The following description was prepared by William Gross:
This is an example of a type of inexpensive, easily cast lead amulet that has only recently come to light. The disovery came because of extensive use of metal detectors by amateur explorers in the FSU, primarily in the Ukraine, where such amulets have been uncovered in both quantity and variety. In the Gross Family Collection there are more than 60 different variations. It is clear that they were a very popular protective talisman, worn by numberous Jewish children.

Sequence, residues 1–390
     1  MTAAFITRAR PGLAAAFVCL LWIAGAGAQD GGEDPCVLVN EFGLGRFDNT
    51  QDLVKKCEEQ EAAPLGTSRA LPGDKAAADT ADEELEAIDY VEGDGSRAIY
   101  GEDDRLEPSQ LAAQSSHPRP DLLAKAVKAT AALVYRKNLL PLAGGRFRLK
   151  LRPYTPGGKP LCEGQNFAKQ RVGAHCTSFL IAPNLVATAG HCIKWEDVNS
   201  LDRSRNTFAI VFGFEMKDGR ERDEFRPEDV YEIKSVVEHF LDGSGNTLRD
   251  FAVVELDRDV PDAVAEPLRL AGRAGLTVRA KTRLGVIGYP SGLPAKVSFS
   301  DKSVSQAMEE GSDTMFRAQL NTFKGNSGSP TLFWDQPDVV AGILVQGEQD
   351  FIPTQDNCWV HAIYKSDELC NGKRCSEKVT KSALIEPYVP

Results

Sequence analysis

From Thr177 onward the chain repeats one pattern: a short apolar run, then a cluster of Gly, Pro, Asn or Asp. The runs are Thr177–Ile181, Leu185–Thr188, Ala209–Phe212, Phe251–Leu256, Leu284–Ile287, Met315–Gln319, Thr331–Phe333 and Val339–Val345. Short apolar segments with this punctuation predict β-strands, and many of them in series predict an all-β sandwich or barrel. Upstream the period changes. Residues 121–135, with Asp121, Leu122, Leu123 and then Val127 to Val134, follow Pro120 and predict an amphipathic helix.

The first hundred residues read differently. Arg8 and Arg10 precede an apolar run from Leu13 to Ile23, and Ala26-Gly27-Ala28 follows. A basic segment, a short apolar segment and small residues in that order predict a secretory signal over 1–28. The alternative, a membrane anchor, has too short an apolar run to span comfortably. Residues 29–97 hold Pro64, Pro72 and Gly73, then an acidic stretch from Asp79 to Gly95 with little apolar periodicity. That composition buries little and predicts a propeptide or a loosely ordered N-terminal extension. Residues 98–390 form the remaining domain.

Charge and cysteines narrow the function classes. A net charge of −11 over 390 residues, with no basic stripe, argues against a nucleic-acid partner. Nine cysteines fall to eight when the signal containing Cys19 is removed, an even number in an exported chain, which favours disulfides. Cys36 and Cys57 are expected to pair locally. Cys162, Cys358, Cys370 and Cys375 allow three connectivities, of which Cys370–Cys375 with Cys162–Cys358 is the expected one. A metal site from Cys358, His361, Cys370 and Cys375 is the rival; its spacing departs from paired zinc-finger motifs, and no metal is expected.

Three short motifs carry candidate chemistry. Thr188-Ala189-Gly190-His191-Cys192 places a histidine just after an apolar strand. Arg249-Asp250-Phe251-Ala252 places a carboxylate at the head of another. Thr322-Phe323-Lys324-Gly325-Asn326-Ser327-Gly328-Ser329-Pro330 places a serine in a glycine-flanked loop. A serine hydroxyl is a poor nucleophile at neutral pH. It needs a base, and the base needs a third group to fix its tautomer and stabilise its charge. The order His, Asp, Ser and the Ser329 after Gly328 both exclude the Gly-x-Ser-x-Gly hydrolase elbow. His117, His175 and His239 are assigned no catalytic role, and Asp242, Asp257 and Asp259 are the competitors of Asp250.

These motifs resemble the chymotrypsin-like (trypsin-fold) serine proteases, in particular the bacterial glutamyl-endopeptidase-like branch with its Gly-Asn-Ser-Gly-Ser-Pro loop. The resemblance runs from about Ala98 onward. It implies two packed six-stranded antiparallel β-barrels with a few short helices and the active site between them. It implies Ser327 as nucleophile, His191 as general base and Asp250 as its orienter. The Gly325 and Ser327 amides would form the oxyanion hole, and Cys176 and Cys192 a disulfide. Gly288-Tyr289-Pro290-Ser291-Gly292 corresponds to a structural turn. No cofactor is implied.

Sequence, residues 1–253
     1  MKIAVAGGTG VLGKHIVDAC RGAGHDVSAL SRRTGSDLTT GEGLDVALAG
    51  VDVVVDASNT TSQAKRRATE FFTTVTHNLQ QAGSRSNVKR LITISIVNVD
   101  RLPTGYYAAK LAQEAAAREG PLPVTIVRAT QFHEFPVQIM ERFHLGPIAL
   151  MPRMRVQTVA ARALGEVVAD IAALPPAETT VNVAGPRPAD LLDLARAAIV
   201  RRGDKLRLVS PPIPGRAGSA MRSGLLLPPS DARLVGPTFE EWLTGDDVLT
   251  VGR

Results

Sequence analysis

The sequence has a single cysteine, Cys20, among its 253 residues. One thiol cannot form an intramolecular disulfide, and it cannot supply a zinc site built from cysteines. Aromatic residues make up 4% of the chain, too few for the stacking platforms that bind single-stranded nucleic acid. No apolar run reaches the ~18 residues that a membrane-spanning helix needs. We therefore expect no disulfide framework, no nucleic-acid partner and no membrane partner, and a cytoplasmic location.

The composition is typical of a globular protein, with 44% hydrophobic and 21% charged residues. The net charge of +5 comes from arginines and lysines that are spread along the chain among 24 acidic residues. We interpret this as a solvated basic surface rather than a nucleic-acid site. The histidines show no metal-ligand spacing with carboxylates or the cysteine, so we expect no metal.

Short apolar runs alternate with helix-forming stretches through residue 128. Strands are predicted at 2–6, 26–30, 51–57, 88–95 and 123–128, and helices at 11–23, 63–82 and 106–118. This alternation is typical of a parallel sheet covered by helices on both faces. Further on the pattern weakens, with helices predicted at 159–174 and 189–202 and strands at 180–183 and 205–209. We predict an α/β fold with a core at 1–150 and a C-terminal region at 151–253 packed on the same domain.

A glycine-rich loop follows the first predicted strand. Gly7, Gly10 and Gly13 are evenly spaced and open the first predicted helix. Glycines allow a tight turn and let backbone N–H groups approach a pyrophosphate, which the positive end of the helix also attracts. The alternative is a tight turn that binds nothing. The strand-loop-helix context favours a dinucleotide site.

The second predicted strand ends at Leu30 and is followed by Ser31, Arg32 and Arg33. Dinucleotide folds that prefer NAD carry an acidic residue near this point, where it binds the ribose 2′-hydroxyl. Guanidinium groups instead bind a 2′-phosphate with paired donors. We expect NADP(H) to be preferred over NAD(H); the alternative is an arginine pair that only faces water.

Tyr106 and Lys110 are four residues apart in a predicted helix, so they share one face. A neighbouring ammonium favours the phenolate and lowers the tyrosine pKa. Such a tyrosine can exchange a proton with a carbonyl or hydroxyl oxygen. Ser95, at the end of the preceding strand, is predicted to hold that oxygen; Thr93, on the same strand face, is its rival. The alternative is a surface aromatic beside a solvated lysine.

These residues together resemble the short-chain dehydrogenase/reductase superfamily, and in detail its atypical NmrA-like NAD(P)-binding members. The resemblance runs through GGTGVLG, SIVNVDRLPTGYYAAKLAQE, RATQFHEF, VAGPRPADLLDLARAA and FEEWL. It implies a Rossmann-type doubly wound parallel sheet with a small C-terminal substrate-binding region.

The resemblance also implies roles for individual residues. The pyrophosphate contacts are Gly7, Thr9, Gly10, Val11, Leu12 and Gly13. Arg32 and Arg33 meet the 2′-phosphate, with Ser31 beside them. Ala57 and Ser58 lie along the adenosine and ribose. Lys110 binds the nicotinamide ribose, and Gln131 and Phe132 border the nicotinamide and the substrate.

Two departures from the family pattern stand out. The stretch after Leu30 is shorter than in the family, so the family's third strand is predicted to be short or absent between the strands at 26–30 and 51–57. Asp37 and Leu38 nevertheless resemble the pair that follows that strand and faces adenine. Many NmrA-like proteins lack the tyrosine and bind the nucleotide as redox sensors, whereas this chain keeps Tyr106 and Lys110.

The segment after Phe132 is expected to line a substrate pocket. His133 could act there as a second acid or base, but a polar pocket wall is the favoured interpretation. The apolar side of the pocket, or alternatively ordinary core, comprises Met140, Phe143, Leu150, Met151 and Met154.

In spite of the fact that there is no Heh letter present, this is probably a round "Heh' type amulet created for a male child to be hung around his neck on a string or chain for protection of the newly born child. O the the obverse appear two rampant animals, a lion on the left side and a deer on the right, and between them a table on which sits an eagle. On the reverse in the center is an urn like vase with flowers. This is surrounded by a floral decoration on the circumfrence. The assumption that it may be an Jewish amulet derives from the use of the deer and lion as well as the general similarity to the others of the genre.